From Popular Mechanics (May 9): The Philippines Just Bought a Warship for $100
But what does a single Benjamin actually buy you?
The Republic of the Philippines is getting a real bargain. In this age of $1.3 billion guided missile destroyers, the island nation is "buying" a used warship from South Korea for the bargain-basement price of just $100. While that sounds like a screaming deal, exactly what is it getting for its money?
The Philippines is in the midst of a defense buildup. The island country has been locked in a political face-off with China over competing territorial claims in the South China Sea. With no end in sight, the concern is the political dispute will escalate to a military one, a hypothetical conflict the Philippines would be woefully unready for. The country has been fighting an insurgency against various internal groups, including the Al Qaeda-aligned Abu Sayyaf guerrilla force, funding its army at the expense.
The country has been on a low-grade shopping binge, purchasing a dozen F/A-50 fighters from South Korea and accepting donated Coast Guard cutters from the United States. Now, according to The Jakarta Post, it is about to get a Pohang-class corvette from South Korea for the fantastic sum of $100. The ship, ROK Chungju, was decommissioned from the Republic of Korea Navy in December 2016. The "purchase" is actually a transfer, and the $100 is largely symbolic.
Pohang-class corvette firing its stern mounted 76-millimeter gun during a fleet review, 2015.
The Pohang-class corvettes were some of the first large warships built by South Korean shipyards. Twenty-four corvettes were built during the mid 1980s and early 1990s between 1984 and 1993. Each weighed 1,200 tons fully loaded and had a maximum speed of 32 knots, armed with a pair of Italian-made 76-millimeter deck guns, four Harpoon anti-ship missiles, two 40-millimeter cannons, and anti-submarine torpedoes as well as depth charges. The Pohang-class ships were built mainly to patrol South Korean coastal waters and square off against North Korea's fleet of small gunboats and coastal submarines.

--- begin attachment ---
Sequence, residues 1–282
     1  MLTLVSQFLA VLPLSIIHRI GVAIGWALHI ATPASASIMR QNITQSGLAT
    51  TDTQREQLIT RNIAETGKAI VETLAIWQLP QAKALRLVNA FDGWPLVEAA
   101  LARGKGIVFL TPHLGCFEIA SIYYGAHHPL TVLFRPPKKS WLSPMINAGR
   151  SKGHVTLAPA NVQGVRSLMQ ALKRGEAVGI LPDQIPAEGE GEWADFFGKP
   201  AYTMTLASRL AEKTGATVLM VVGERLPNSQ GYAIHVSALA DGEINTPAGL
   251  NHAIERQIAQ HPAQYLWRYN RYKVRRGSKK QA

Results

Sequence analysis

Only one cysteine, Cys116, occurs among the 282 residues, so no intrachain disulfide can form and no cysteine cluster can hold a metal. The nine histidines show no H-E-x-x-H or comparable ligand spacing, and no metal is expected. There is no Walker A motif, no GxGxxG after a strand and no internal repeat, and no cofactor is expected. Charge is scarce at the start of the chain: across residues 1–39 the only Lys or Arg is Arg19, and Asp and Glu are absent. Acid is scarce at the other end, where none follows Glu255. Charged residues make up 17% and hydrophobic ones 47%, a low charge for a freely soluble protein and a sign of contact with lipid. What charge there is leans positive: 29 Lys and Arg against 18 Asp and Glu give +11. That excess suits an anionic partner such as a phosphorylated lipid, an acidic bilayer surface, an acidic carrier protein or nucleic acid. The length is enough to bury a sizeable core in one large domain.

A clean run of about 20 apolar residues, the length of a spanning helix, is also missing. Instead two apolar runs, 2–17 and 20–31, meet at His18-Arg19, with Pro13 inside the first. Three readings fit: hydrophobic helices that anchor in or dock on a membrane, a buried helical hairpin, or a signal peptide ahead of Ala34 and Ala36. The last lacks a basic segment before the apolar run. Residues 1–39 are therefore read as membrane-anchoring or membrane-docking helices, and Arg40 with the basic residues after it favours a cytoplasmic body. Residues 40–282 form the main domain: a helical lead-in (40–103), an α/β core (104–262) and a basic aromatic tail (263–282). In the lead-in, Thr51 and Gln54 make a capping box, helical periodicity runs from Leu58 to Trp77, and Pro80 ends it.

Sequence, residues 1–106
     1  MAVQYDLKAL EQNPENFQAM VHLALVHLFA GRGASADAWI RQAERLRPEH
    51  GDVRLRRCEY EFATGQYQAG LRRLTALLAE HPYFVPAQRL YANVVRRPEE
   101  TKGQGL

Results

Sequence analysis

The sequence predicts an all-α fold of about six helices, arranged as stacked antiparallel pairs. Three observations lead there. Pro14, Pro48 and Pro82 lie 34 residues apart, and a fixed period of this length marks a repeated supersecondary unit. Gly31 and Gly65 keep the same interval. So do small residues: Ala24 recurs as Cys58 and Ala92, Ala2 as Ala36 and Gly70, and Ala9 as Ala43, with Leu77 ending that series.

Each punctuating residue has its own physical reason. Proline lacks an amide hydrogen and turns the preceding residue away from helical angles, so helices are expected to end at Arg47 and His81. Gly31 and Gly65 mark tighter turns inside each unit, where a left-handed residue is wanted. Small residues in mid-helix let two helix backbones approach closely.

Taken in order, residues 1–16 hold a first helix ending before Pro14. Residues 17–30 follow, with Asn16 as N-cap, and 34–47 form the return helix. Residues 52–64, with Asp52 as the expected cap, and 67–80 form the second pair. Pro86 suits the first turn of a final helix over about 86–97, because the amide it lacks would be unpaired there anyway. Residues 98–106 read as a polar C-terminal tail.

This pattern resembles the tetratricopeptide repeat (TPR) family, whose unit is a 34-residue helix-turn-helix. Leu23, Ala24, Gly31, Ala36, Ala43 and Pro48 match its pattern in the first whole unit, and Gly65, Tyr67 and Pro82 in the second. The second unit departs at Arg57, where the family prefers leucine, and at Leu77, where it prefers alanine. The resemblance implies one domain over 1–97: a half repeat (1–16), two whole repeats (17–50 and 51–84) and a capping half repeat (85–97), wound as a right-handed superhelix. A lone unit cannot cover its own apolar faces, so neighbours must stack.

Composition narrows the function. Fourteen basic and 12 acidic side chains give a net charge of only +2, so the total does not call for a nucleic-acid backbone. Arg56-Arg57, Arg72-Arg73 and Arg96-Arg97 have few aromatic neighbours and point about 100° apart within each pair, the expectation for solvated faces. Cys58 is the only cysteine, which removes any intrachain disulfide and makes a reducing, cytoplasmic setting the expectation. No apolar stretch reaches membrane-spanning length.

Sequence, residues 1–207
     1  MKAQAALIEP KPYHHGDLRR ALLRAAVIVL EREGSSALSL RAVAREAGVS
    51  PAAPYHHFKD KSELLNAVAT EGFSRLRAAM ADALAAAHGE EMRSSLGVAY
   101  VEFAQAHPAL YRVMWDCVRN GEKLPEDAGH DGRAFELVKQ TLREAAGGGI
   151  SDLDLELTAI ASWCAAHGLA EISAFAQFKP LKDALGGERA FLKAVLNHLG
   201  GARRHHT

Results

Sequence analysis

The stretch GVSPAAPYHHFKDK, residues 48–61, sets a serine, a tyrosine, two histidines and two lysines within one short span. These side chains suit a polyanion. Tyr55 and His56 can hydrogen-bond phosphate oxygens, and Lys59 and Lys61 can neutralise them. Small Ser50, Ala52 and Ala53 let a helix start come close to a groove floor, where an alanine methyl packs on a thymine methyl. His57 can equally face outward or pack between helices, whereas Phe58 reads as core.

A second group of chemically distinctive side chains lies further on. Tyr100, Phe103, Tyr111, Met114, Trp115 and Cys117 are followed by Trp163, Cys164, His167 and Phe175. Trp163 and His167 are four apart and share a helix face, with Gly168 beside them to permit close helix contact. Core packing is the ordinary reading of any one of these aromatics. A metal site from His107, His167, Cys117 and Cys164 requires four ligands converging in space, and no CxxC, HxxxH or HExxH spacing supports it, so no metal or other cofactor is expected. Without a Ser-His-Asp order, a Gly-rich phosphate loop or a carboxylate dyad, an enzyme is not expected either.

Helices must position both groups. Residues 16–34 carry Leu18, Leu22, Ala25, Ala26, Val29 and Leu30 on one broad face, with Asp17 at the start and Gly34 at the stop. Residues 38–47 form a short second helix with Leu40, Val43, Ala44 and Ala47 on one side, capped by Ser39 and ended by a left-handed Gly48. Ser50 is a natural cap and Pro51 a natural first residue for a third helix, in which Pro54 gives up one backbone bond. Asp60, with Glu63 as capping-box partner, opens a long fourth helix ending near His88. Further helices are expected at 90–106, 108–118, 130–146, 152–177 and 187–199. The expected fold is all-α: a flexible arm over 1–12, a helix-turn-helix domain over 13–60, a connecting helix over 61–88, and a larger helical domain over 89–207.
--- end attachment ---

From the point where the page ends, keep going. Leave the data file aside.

While the ex-Chungju is essentially free, the Philippines has also committed to paying to bring the ship back into service. One Philippine former naval officer-turned-blogger describes the necessary work as "repair, minor refurbishing works, replacement of obsolete systems required for safe use of the ship, crew billeting and training, and other expenses." That will cost an estimated 200 million Philippine pesos, or the equivalent of $4 million dollars.
The ship will also not transfer with all of its weaponry. The Harpoon missiles are not part of the sale—the missiles are still useful to South Korea and Seoul would have to get permission from the United States to sell them, a process that could take years. The ship might also lose its American-made Mk. 46 anti-submarine torpedoes.
The stern of ROKS Cheonan being lifted by crane. Visible in the lower turret is a 76-millimeter gun, in the upper turret a pair of 40-millimeter cannon, and a pair of Harpoon missile launchers.
There's also the question of what kind of condition the ship is in. In 2014 the Philippine Navy looked at another Pohang-class ship, Mokpo, and found it in "very poor condition" and not worth refurbishing. Chungju is two years younger and presumably inspectors found it in slightly better condition. Another Pohang-class corvette, ROKS Cheonan, was sunk by a North Korean torpedo in its 21st year of service. At the time of the sinking, one news report quoted the mother of a crewmember as saying her son thought the ship was in poor condition and complained about serving on it. Still, given that some of the ships in the Philippine Navy were built during World War II, even a worn-out thirty year old ship is better than a seventy year old one.
Even if the ex-Chungju is stripped of its weapons, South Korea is well positioned to re-equip it for the Philipines, at a price. Harpoon missiles can be replaced with Korean Haeseong missiles and Mk. 46 anti-submarine torpedoes can be replaced with Blue Shark torpedoes. This is not a coincidence, as South Korea is pushing to develop its own arms export industry. Think of Chungju as a free ice cream cone—it's the ice cream that's going to cost real money.
The Philippines' "new" warship will end up costing a lot more than a hundred dollar bill, but it's still likely a welcome upgrade. While it's still not on equal terms with a brand-new Type 056 corvette, the Chungju's second career will give the People's Liberation Army Navy something to think about.